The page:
Bet you didn’t know about this

Another quality that makes for a trending topic is being on the scene while everybody is off doing something else. To be the first to know—to have access to something exclusive—is reminiscent of reporters getting the scoop. Hence after the news breaks to the mainstream, suddenly the rest are eager to jump on the bandwagon and join the conversation.

When Kim Kardashian talked to her fans on MobioINsider about her pregnancy cravings, balancing her hectic life, the kind of clothes she likes to wear, even about being an entrepreneur, it was picked up by major media outlets and became a subject of a lot of conversations. A celebrity in her own right, Kardashian has already a big following at Twitter and Facebook. However, choosing to share more details about her private life on another social media platform shaped just for stars like her and her legions of fans was the key in her Q&A going viral.

Fans on MobioINsider couldn’t believe that they can interact with her personally, and get their questions answered right away without the press being a bother. That kind of opportunity—making a part of the audience feel like you’re in on a secret no one else knows about yet—can be exhilarating.

The psychology of viral content

The range of what piques our interests are wide and unautocratic—one day it’s a junior senator awkwardly pausing his speech to drink from a bottle of water; the next, it is a new video discussing the existential angst of a weighing scale from Henri le Chat Noir, the world’s favorite tuxedo cat-turned-French philosopher. The web, after all, has become a very busy place, and it is inevitable for shock-and-awe to become the main currency in a place where everybody is fighting for our attention.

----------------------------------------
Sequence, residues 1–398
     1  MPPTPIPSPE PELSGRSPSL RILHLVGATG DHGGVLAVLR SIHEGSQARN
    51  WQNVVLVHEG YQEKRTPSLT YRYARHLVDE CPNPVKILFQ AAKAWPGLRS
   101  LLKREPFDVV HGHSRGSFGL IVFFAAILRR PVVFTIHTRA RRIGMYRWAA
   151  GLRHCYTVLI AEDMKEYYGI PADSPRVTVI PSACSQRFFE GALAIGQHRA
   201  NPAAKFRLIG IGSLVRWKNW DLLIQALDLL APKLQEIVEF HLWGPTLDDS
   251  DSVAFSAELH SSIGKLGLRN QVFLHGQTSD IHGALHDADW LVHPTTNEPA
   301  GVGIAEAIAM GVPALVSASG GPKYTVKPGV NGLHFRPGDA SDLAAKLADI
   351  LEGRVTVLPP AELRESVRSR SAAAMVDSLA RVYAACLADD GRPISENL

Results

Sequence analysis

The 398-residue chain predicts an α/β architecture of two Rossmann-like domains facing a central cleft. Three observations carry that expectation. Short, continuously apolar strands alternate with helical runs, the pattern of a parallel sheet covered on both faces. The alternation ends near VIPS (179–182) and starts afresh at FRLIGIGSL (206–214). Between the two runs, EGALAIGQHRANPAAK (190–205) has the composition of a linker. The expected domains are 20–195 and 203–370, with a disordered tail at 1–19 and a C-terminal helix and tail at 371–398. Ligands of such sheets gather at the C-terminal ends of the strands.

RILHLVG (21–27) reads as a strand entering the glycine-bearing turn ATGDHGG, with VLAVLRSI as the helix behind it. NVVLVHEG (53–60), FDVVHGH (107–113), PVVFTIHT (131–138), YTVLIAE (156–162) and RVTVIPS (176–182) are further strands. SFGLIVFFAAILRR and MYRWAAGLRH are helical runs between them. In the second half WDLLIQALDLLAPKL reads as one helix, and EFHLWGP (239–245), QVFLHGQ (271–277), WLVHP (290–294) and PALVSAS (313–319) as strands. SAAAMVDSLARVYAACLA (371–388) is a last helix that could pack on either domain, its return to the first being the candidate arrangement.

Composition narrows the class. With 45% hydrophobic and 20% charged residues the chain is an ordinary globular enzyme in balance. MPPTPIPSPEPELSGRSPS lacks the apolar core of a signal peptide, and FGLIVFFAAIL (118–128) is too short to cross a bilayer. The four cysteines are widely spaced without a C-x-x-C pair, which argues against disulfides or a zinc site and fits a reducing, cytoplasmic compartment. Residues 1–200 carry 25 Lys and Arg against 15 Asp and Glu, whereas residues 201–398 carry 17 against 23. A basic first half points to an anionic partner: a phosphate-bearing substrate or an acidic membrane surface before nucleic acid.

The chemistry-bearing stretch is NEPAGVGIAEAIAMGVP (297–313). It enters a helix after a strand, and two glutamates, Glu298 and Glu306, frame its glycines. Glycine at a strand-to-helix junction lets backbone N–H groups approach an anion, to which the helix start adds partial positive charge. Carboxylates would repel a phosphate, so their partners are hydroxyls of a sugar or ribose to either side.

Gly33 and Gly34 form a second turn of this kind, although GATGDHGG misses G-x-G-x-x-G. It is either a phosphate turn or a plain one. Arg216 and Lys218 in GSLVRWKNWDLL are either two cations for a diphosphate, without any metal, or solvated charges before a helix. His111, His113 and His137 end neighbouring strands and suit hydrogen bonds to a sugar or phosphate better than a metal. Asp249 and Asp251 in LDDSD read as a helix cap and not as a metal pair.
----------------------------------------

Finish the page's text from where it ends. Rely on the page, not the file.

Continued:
This article may include forward-looking statements. These forward-looking statements generally are identified by the words “believe,” “project,” “estimate,” “become,” “plan,” “will,” and similar expressions. These forward-looking statements involve known and unknown risks as well as uncertainties, including those discussed in the following cautionary statements and elsewhere in this article and on this site. Although the Company may believe that its expectations are based on reasonable assumptions, the actual results that the Company may achieve may differ materially from any forward-looking statements, which reflect the opinions of the management of the Company only as of the date hereof. Additionally, please make sure to read these important disclosures.

J. Frank Sigerson is a business and financial journalist primarily covering crypto, cannabis, crowdfunding, technology, and marketing. He also writes about the movers and shakers in the stock market, especially in biotech, healthcare, mining, and blockchain. In the past, he has shared his thoughts on IT and design, social media, pop culture, food and wine, TV, film, and music. His works have been published in,, Seeking Alpha, Mogul, Small Cap Network, CNN,, among others.